Wilmette, News

Wilmette limits when buses can arrive amid surge in migrant dropoffs

With a decision Wednesday night, the Village of Wilmette became the latest North Shore community to implement restrictions on migrant bus dropoffs.

The Village Board of Trustees unanimously passed bus regulations on Wednesday, April 24, following discussion and more than an hour of commentary from residents.

While Highland Park, Winnetka and Glencoe all passed their own ordinances earlier this year, Wilmette held off on any potential restrictions. But after a recent surge in migrant bus arrivals that officials expect to continue, Village staff recommended an ordinance to regulate the dropoffs.

Village Manager Mike Braiman said on Wednesday that 68 buses from Texas have dropped off more than 2,700 migrants at the Wilmette Metra station 722 Green Bay Road, since the beginning of the year.

Braiman said that while the “vast majority” of dropoffs have been orderly, several have happened during overnight hours. According to data shared by Braiman in a memo to the board, as of April 17, a total of 36 buses arrived between 4:30 p.m. and 9 a.m.

Braiman said because of reduced staffing from the Wilmette Police Department overnight, and to “ensure compassion, dignity and respect,” the ordinance was put forward.

Wilmette’s ordinance restricts dropoff hours to between Monday through Friday between 8 a.m. and 4:30 p.m. It also designates the Wilmette Metra station as the dropoff location and creates fines — ranging from between $50-$750 per passenger to impoundment of the bus — for violations of the ordinance.

It also requests, but does not require, advance notice of dropoffs. Other municipalities have mandated advance notice.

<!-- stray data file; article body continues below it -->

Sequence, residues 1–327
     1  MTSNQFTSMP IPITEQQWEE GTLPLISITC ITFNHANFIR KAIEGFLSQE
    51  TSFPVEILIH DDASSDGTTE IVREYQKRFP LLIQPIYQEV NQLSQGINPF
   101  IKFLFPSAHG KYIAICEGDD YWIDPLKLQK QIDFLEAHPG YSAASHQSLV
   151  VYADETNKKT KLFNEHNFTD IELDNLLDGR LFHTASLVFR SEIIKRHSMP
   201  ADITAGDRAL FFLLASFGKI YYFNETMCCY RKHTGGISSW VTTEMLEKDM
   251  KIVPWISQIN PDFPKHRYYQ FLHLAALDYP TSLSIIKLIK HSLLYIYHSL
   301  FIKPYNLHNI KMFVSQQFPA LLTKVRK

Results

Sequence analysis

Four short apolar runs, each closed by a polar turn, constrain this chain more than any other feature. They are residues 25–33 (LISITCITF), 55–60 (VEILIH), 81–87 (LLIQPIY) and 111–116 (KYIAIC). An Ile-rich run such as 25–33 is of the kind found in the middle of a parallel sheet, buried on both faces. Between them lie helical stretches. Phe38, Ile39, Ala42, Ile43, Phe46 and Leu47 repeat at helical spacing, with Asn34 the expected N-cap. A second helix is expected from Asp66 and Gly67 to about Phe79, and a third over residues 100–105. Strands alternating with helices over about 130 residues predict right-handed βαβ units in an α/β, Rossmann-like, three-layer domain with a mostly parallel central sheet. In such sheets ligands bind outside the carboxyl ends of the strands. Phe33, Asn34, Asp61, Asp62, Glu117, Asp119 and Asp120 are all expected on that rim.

Public response

Exactly 30 people shared their thoughts on the ordinance with Wilmette trustees on Wednesday. The comments ranged from support for the measure to opposition of it to requests for further restrictions.

While at times Village President Senta Plunkett had to interject to quiet the audience or a speaker, public commentary was civil. Some who made comments said they were volunteers who have helped support arriving migrants by providing care packages of clothing, snacks, toiletries and more; though, their opinions of the ordinance varied.

Heather Oliver, who, along with Debora Morris, has been leading efforts to support migrants, asked trustees to vote for the ordinance. She said buses have dropped off migrants at 1 a.m. and 5 a.m., sometimes leaving them unattended at the station.

“The proposed ordinance with a time limit on the buses will allow migrants to arrive early in the City of Chicago so they can receive services … and not have to be put on warming buses overnight,” Oliver said. “The Wilmette police will be able to better manage the safety of the migrants at the Metra station when the buses arrive, as well as serving and protecting the residents of Wilmette.”

While he believed the measure could include stricter penalties for bus drivers who violate the rules, resident Michael Lieber called the ordinance a “very good balance.”

“Regardless of how you feel about whether migrants should be brought here, whether they should come, what I think we can all agree on is that it’s not right for people to be dropped off at 2:30 in the morning when the next train isn’t for two and a half, three hours,” he said. “No place is open to eat, no place is open to use the restroom, it might be inclement weather. That’s not right and it’s not fair.”

Some speakers said they were concerned that the arrival of migrants would lead to an increase in crime. Following public comment, Braiman said that there have been no reported crime incidents connected to migrants in Wilmette.

Opponents of the ordinance mostly shared the same concern: that passing it would lead to bus drivers no longer stopping in Wilmette and just finding a town that does not have any restrictions.